Reimagining Enterprise Computing

We take a long-term view of what SaaS and cloud services will mean for the future of enterprise IT infrastructure and service delivery.

Reimagining Enterprise Computing
The enterprise end-point device of the future will look vastly different from a Dell desktop

The adoption of SaaS and cloud services can reshape the role of technology within the enterprise and will allow companies to focus on delivering their core value while increasing business agility and reducing risk.

The future focus of enterprise IT will shift from traditional functions such as application support, networking and storage management to becoming a strategic partner and advisor to businesses and helping them take advantage of new opportunities that technology innovation has enabled.

In this article, we take a long-term view and examine the future of computing in the enterprise.

Traditional IT Infrastructure

Enterprises have traditionally provided employees with managed desktops or laptops that run Windows and are imaged with standard productivity and line of business applications that run locally on the device. Any changes to the base image require extensive testing, as the web of dependencies is a constant source of issues.

Some organizations use Virtual Desktop Infrastructure (VDI), which runs desktops on a central virtualization server. Users connect via a thin client and all their work stays in the data center. This simplifies management, but maintaining virtual desktops presents similar challenges to physical devices.

To interact with enterprise data and applications, users access the company network by being on-premises or connected remotely via VPN.

Enterprise data is usually stored on network servers either as files or in databases. Application logic is often hosted on a separate server that acts as an intermediary between clients and the data. IT runs the servers as physical devices or virtualized in the cloud.

Applications and operating systems running on desktops and servers must be monitored and patched on an ongoing basis. Besides presenting inherent risks, this carries a significant management overhead at the enterprise scale.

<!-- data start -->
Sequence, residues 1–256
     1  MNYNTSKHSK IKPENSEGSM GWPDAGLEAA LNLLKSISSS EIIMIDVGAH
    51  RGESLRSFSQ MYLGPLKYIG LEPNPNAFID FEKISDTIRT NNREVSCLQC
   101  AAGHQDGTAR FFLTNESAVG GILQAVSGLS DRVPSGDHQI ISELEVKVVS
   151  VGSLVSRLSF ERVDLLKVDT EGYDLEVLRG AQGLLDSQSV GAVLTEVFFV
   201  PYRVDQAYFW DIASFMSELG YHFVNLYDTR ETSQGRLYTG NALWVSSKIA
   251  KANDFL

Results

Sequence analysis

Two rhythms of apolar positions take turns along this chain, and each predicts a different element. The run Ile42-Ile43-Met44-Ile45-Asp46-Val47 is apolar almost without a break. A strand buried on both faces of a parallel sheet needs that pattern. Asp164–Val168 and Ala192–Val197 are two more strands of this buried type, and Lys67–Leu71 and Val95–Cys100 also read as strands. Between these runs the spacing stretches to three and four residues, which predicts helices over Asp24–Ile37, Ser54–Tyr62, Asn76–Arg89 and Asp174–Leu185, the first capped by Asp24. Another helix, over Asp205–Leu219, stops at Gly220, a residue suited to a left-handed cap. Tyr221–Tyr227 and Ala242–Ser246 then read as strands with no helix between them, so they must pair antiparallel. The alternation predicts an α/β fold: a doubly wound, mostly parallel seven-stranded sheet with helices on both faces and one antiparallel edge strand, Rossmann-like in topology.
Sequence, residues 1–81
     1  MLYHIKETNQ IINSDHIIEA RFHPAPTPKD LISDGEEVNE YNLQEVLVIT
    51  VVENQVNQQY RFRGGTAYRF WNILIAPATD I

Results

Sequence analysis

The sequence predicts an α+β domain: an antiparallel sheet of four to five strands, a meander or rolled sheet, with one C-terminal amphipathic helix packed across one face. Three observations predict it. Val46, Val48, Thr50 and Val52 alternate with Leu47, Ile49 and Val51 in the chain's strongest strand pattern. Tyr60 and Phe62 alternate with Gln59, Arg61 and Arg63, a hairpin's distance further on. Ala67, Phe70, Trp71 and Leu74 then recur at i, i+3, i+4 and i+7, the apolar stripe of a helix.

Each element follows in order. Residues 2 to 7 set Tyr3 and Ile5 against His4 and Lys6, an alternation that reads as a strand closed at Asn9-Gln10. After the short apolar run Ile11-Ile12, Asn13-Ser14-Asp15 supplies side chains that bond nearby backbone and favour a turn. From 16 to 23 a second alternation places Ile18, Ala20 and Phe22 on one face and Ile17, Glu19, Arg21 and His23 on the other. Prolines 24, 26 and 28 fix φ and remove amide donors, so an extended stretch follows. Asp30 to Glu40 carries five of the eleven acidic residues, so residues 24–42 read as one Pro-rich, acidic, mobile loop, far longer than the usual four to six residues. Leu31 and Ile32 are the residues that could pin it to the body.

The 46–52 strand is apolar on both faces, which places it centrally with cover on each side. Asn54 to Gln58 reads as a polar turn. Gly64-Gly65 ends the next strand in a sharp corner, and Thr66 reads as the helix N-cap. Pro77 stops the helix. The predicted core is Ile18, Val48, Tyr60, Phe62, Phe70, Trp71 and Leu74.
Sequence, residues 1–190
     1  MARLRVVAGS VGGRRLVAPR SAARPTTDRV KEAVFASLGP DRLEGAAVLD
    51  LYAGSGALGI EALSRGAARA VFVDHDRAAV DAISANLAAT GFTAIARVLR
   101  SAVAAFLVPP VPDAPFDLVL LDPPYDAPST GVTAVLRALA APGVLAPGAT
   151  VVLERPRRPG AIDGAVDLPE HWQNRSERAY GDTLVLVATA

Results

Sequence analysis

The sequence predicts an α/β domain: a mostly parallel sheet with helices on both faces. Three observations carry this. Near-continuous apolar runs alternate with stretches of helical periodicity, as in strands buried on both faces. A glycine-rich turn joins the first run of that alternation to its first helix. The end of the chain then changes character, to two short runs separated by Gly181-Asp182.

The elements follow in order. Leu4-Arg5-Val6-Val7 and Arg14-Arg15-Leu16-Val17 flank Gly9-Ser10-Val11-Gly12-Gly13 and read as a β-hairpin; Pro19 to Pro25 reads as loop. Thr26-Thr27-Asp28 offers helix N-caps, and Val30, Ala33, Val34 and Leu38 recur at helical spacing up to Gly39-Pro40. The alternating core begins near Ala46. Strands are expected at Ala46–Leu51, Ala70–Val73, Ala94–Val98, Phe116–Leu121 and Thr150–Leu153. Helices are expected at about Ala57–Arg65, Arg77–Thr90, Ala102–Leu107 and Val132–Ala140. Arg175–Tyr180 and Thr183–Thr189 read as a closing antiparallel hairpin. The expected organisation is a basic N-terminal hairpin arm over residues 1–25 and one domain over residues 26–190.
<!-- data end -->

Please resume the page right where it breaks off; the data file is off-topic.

Software as a Service

As the web grew and the underlying technologies matured, it became possible to deliver rich application experiences within the browser. Web applications are fully self-contained, removing dependencies on the end-user platform and ensuring that the experience remains consistent across different devices.

Companies began to embrace cloud hosting as an alternative to running in-house data centers. This is what is commonly referred to as the Infrastructure as a Service (IaaS) model.

This eventually led them to become more comfortable with storing data with external providers. Standardization of APIs via technologies such as REST and OAuth made it possible to connect to applications and data that are outside of the company network.

Enterprise Identity and Access Management (IAM) solutions can extend to external cloud applications. A security model called Single Sign-On (SSO) allows a user to authenticate across independent external applications through the Enterprise IAM system.

All these factors combine to make Software as a Service or SaaS such a compelling option for delivering solutions. SaaS applications run on a SaaS provider’s servers. The provider manages access to the application, including security, availability, and performance.

Infrastructure as a Service (IaaS) Platform as a Service (PaaS) Software as a Service (SaaS)